I am a 19 year old girl who gave up logging to join the Navy. I ran a skidder for a year after High School at my families logging company. I ran it over the hill a few times due to slick small roads on the side of a Mountain after rains or snow melts off, and my skidder weighed 46,000 lbs. I also had a cable skidder which means I had to go down the hill with cable and choker chains and hook up individual logs, then run back up the hill to keep production up. Timber cutters have to constantly stay alert and watch for broken branches in the tops of trees, wind (a poof of wind could fall them the wrong way if it catches the top), and they will sometimes get caught in other trees and fall later. Dozer men have it easy, and so do Knuckleboom loader men as long as they know how to run it right. Unexperience loader men could easily take out the front glass with the butt of a log. I live in Southwest Virginia and there are tons of gaswell lines going everywhere! We just cover them up with a few feet of dirt and carry on with our day, but I hated crossing them. I have seen quite a bit of copperheads in my day, and I stayed ate up with poison oak. If you arent on equipment then you also have to watch out for trees falling on you, I have had a few close calls. My stepdad cuts timber, and he has broke so many things due to stuff falling out of trees and such. One time he even cut his leg with the power saw to get away from something and his muscle literally fell out of his leg. Axe men dont have nothing on the way loggers work around here, and its kind of devastating because people have no idea of what we really go through. I was just on the job today, in the bitter cold thanking God that I broadened my horizons. But I am proud to say that my Daddy has provided everything that we have by the sweat of his brow. Its a 24 hr job for him when trucks or equipment break down, and you can count on it.
I'm actually surprised teachers aren't on the list, especially these days. 1) Hours: They tend to work far more than 40-hour weeks when you include grading, setting lesson plans, etc. 2) Lack of control/power: Teachers are the ones to teach our kids, and when the kids are in school, should be the ones to correct/scold/punish them. We now have teachers with kids that I would send to prison right after graduation (if not before) and because of the scare of parents who will flip-out, a kid crying 'pedophile' or some other BS, are hamstrung in their jobs. 3) Speaking of hamstrung. 'No child left behind' has turned in to 'no child may get ahead'. Instead of programs better designed to catch kids up to what the average SHOULD be or even to the slightly-better than average performers. Teachers have to teach, more often than not, to the lowest common denominator. 4) Keeping up with skills: Relating to #1; Teachers are swamped with what their jobs require by default. Add in iPads, Laptops, and other tech-devices that they don't know (and many may not want to know, or are technophobes), They don't have the time to learn them, not and have lives outside of school often. I could go on, but the pressure from all sides, watching a grades and scores on those 'lovely' standardized tests drop, and other issues (and by the way, I've seen most of a school year wasted on just passing the damned standardized tests, rather than focusing on useful knowledge), they are stressed and overworked. For reference, while I've never been a teacher in a school system; I HAVE been IT in school districts and have seen first hand what they deal with on a day to day basis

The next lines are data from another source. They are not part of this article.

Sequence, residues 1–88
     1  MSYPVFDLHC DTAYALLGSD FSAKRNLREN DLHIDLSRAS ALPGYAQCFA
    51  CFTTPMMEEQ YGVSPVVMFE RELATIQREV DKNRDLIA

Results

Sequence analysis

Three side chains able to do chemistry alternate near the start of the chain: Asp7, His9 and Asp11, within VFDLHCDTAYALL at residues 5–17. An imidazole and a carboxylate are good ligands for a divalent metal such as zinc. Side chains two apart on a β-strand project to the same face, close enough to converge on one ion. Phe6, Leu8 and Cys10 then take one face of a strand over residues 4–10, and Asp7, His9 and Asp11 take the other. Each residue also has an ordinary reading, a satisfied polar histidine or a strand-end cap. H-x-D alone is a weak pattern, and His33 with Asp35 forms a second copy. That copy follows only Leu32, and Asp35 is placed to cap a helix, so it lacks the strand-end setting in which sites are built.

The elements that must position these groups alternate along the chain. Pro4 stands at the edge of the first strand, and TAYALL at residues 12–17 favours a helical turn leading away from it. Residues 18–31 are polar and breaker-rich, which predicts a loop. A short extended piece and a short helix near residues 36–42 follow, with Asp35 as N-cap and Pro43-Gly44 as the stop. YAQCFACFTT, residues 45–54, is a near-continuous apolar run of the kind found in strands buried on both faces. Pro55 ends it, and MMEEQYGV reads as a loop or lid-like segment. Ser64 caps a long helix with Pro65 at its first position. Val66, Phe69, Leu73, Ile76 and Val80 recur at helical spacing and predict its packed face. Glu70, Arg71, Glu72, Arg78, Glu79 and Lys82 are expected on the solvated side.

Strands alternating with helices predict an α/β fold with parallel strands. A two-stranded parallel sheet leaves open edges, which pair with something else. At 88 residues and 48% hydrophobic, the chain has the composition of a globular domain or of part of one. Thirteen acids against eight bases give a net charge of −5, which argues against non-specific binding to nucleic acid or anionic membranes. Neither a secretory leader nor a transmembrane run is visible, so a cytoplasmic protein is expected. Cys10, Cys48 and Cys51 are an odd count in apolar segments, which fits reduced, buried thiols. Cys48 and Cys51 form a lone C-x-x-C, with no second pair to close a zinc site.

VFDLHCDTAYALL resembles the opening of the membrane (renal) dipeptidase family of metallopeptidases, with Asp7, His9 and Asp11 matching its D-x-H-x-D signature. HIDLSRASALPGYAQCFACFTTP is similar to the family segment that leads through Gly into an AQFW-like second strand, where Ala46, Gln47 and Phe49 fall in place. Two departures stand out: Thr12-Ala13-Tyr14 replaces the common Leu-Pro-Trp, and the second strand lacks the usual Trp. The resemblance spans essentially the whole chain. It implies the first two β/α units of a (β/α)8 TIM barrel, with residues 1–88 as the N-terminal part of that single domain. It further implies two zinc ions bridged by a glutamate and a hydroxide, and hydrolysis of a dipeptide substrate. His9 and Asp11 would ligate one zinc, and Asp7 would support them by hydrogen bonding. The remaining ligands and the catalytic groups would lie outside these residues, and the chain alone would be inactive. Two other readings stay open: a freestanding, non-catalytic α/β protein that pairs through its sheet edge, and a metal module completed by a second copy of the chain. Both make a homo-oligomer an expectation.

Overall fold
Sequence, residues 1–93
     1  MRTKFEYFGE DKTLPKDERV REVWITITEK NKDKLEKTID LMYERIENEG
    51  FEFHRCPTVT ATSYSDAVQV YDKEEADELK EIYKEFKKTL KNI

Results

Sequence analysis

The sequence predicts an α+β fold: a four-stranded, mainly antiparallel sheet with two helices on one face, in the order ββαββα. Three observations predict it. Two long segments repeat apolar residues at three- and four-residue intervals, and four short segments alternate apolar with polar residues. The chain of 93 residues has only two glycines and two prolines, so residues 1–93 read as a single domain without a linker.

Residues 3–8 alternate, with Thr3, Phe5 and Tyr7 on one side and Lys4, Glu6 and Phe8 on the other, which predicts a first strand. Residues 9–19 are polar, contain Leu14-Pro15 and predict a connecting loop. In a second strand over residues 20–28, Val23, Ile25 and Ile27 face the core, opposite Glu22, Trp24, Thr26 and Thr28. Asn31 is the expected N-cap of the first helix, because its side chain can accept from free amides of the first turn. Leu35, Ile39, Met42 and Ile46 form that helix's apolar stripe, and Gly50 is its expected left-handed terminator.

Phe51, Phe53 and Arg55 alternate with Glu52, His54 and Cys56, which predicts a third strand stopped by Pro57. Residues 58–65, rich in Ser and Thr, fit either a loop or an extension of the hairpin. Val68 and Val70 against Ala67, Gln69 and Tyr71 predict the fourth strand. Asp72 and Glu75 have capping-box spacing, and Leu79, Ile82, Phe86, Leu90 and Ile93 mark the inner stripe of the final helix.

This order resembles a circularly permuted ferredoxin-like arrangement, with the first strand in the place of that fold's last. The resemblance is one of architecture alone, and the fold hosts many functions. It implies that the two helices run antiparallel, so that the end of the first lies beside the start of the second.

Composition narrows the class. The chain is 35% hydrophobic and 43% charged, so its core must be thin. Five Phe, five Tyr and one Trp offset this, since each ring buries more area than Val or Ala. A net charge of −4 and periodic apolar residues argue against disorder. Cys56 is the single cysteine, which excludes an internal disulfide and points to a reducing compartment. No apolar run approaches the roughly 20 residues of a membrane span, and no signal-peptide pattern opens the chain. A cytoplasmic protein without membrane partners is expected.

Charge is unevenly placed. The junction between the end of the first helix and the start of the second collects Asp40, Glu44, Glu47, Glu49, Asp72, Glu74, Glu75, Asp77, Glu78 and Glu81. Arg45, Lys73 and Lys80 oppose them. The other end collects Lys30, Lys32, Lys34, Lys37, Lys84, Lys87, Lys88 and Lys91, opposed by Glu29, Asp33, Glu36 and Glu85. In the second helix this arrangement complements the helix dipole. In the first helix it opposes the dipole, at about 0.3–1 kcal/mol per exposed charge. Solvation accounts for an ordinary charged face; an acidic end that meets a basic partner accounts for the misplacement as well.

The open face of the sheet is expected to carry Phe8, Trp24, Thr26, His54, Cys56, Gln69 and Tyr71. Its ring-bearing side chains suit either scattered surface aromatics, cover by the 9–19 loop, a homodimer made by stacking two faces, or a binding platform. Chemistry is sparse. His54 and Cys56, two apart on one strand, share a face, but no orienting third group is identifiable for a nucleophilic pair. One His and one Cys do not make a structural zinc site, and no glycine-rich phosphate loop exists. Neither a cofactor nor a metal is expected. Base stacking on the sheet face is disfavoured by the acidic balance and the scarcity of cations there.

At least firefighters get to put out the fires! Feel free to expand on your situation, i.e. what, if anything, reaches your students who are steeped in a tradition of conforming anti-evolution dogma? And what about the "sandwich" effect of pressures from above to tone down data driven conclusions? It seems that geography and physical/earth science teachers are probably providing you with good company with all the FUD being thrown up to deny humanity's role in the changing climate going on as well....